When the Northwest Florida Zoo closed last Fall for lack of public funding, it was announced that one of the first creatures to leave was Ivan, the rare komodo dragon. As we recall, local zoo officials wouldn't say where it went or whether he was sold or given away.
Turns out, Ivan up and moved to the Phoenix Zoo, where we just happened to stumble across it on our recent trip.
Phoenix is a great location for komodo dragons: hot, dry tropical weather, skilled zoo keepers, a local culture broadly committed to civic education and betterment; tourist promoters who know how to publicize a rare find like Ivan; and local governments and foundations willing to finance educational and tourist attractions for school children and the general public.
Not all communities are like that; those, for example, that don't have a komodo dragon anymore.
The day we were there, school buses from all over southern Arizona and thousands of local vehicles and rental cars filled three huge parking lots to overflowing, each one larger than your typical college football stadium parking lot.
In Phoenix, they're spending a million dollars just to build a decent habitat for Ivan and two of his close relatives. (The million came from a foundation.)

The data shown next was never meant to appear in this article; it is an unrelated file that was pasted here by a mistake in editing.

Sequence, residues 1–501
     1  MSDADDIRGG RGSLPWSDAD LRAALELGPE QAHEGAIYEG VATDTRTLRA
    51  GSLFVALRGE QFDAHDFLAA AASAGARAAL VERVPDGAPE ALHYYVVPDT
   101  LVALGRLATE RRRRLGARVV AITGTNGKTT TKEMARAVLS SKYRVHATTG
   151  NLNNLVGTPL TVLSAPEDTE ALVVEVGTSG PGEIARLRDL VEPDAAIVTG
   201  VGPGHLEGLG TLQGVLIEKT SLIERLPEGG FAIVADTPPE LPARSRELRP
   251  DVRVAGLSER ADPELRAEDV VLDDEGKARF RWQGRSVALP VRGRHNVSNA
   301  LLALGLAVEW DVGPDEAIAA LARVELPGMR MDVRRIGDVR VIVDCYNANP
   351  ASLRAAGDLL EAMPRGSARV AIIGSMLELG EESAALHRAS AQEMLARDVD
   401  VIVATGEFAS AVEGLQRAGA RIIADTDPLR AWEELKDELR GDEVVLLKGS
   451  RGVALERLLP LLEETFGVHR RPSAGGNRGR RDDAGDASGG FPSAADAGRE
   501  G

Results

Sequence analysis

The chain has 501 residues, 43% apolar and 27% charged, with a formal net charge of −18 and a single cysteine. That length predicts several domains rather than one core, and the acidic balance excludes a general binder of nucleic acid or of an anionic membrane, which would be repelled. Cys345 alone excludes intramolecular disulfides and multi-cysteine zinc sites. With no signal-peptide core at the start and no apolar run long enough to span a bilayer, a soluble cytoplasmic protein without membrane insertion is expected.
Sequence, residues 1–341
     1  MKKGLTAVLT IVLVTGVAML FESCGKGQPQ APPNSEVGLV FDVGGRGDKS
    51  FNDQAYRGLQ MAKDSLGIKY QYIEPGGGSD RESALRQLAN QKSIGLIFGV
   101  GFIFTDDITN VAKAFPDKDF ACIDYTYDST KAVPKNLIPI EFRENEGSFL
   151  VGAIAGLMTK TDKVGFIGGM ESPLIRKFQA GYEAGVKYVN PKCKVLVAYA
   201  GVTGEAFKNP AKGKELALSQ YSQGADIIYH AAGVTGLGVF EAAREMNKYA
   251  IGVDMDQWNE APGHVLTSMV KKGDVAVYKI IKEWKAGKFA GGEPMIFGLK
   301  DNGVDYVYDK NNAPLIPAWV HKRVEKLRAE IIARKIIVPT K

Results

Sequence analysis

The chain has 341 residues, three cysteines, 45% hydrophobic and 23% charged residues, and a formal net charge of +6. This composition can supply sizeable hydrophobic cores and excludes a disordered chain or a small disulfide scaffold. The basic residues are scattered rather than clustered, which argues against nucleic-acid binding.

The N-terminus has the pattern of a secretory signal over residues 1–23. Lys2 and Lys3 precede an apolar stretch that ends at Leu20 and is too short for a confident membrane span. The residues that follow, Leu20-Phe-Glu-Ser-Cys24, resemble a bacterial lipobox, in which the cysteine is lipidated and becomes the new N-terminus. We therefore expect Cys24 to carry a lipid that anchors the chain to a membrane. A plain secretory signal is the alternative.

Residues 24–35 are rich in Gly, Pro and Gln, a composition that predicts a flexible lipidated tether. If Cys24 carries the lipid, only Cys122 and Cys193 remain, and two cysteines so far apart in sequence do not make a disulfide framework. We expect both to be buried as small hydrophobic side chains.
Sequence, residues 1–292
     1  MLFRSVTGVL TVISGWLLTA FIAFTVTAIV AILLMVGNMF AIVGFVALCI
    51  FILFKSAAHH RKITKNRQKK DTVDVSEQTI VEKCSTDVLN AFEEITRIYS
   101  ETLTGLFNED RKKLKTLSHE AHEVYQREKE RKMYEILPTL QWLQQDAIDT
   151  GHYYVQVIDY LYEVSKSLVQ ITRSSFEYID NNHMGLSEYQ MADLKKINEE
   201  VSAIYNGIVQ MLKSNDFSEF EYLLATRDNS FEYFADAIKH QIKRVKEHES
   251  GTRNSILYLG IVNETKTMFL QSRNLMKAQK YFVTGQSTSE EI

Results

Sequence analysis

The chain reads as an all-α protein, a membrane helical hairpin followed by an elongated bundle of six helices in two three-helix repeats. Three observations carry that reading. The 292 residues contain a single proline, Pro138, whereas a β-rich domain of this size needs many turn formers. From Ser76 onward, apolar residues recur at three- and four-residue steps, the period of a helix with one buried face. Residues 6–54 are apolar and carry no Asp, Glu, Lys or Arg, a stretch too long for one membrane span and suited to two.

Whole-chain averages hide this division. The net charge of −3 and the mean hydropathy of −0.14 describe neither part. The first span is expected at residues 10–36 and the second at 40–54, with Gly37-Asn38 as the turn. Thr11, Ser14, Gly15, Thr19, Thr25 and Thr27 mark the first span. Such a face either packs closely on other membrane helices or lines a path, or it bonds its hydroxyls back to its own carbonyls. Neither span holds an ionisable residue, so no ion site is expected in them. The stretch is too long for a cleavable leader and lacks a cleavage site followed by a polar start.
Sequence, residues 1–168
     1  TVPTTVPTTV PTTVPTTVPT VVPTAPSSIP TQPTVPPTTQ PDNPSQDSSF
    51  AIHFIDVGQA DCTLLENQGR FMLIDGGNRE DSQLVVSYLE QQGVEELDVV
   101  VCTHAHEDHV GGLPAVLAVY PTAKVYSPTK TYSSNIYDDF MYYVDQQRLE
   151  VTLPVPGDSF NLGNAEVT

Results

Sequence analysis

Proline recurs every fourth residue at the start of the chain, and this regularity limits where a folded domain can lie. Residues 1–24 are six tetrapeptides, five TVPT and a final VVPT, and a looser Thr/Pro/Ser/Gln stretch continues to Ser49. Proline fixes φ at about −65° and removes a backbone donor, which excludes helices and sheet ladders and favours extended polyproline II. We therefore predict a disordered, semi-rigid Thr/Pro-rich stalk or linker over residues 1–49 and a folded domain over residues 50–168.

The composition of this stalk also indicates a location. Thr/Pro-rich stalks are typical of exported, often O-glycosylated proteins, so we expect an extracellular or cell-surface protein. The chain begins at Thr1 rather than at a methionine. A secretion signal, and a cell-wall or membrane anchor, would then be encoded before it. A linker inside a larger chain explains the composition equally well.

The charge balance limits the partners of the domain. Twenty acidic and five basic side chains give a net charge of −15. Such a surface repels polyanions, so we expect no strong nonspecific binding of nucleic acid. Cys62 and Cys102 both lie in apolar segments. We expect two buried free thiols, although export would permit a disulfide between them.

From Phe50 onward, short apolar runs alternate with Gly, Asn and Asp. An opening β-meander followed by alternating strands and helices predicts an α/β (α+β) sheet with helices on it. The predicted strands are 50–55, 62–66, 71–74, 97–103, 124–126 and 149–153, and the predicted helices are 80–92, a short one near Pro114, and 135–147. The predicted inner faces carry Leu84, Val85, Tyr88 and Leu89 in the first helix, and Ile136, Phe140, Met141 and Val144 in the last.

The Phoenix Zoo is not shy about promoting its komodo dragons, either. While the local press in Northwest Florida barely acknowledged Ivan's existence or his subsequent departure, in Phoenix everyone is excited over the coup they've scored.
Media coverage is daily and intense. He and his relatives are "our most popular exhibit, by far," one zoo official told us.
Ivan and the other two Phoenix komodo dragons are well-situated. They have indoor accommodations for the rare cool weather; and, when they're acting like randy teenagers and have to be separated, lots of space and two pools out of doors -- with interesting neighbors.
As for Ivan, he's still getting adjusted to his new surroundings. He was a bit surprised to see someone from the Florida panhandle, but he most graciously invited us to step inside his temporary abode for a chat. Not wishing to interfere with his adjustment to a new home, we felt we should politely decline.
We parted most cordially. "Be sure to tell all the lovely boys and girls in Gulf Breeze," he said as we backed away, "the next time they visit Phoenix, I'd love to have them over for dinner."